After washing and drying the print, I proudly handed it to a copy editor (his name was Louie) who looked at it and said, “nice photo”.  I went back to my desk and sat there waiting for first run of the newspaper to see my finished product and that line that I loved, “photo by Steve Sheppard”.

Another copy editor came though the office throwing the first run on everyone’s desk. He tossed me a copy, I turned it over and, YIKES, the photo below is what I saw. I can’t remember now if he just needed a vertical photo or if he cropped it to save space, but I remember taking a copy home to mull over the tragedy he inflicted on my photo. This is the first time anyone, outside of the newspaper, has seen the original.

Now that it’s off my chest, I feel better.


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November 15, 2009 at 6:33 pm

The Story Behind The Photograph

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Bull Mountain Fire




















On a Saturday in April, 2006, a fire started most likely from lighting on Bull Mountain in Patrick County, Va. I heard about the fire and decided to drive to Patrick to take a look. 

I grabbed my camera bag and Mattie and I started following the smoke. Since I grew up in Patrick, I know the back roads pretty well and just followed the smoke until I arrived at a road that was close to the fire. I am a stringer for the Associated Press and called them to see if they were interested in photos and they were.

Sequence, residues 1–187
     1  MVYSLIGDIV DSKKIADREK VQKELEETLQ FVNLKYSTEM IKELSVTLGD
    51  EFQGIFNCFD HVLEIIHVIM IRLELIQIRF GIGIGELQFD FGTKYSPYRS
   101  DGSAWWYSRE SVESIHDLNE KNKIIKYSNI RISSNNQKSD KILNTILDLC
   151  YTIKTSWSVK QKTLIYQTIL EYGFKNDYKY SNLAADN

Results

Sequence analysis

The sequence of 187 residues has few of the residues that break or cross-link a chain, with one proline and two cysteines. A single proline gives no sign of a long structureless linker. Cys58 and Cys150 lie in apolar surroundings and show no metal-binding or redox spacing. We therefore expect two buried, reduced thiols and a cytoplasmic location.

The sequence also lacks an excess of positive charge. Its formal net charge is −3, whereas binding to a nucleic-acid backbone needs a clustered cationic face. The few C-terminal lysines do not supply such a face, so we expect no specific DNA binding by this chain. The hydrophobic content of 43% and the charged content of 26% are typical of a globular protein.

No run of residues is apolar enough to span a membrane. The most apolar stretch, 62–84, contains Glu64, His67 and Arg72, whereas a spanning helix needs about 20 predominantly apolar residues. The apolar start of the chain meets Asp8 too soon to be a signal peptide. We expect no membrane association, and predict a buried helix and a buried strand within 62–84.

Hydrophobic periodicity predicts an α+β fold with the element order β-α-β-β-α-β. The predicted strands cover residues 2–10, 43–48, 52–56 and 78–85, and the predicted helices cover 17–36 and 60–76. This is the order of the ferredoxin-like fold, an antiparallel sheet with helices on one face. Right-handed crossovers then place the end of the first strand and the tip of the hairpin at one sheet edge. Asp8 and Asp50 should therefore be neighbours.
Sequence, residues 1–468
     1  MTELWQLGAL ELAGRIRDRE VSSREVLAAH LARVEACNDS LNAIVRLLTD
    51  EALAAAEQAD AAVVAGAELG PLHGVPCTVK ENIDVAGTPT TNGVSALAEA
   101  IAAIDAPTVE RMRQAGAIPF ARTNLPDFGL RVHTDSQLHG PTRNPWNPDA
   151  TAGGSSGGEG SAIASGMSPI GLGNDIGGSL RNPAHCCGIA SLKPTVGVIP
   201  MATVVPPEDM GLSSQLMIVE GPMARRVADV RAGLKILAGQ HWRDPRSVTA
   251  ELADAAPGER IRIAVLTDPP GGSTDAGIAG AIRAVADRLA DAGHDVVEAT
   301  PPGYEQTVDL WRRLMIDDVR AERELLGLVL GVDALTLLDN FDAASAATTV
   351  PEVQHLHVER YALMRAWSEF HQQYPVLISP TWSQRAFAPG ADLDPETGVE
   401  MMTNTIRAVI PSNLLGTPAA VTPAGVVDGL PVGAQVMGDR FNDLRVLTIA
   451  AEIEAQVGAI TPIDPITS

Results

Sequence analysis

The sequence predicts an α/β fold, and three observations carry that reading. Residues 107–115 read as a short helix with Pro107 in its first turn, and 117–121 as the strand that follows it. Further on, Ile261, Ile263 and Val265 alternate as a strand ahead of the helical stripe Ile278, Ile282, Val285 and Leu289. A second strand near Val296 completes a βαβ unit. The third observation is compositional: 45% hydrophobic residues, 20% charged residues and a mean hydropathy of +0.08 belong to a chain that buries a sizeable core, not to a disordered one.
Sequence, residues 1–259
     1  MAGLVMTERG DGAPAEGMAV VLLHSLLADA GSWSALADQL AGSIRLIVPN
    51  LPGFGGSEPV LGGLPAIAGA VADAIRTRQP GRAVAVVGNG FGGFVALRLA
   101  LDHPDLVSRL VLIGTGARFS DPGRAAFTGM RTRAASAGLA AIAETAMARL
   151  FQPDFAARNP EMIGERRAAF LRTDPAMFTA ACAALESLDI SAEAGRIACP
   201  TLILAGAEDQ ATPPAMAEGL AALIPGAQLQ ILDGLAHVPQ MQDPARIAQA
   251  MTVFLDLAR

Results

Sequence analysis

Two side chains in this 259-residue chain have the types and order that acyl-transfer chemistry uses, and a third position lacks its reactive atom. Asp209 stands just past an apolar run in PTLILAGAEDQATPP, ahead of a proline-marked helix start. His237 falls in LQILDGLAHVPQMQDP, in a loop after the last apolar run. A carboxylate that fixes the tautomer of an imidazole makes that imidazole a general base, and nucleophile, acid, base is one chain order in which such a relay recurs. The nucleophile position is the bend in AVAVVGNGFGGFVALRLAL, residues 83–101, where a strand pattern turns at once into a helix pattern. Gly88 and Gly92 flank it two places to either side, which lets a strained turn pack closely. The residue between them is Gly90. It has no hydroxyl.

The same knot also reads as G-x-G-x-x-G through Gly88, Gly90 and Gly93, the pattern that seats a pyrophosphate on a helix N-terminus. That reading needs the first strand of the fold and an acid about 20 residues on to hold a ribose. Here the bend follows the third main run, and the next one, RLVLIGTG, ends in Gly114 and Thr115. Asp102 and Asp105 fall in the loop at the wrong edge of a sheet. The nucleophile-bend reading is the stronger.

We drove down a road that was being evacuated and came across homes where family and friends were loading pickup trucks with their possessions. The owner of the home pictured above is running out of the house with a folder of important papers while his brother-in-law hoses down the roof in hopes that if the roof is wet it will not catch fire from the burning debris floating in the air. 

I spent about two hours photographing the neighborhood and then left to send photos to Richmond. On Monday, I went back to the neighborhood and visited with the folks that live on the road. I printed a photo for this man and gave it to him. Fortunately, all the homes on this road were still intact. The fire burned about 250 acres of the mountain. My grandparents’ home burned when I was in high school so I know how devastating it can be. 

Below are a couple of other photos from the day and everyone were not as lucky. The bottom photo was shot on the following Monday and his shed burned.

Bull Mountain Fire














Bull Mountain Fire















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April 14, 2009 at 4:28 pm

The Story Behind The Photo

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I don’t normally talk much about technique on my blog. I’m not sure why. Well anyway, I am going to now.

I was shooting a party today for a couple that will be getting married in a few weeks. The couple getting hitched, are on the right side of the photo standing in the sun. The speaker on the left side of the photo and the folks in the foreground, were standing in the shade. So, what do you do?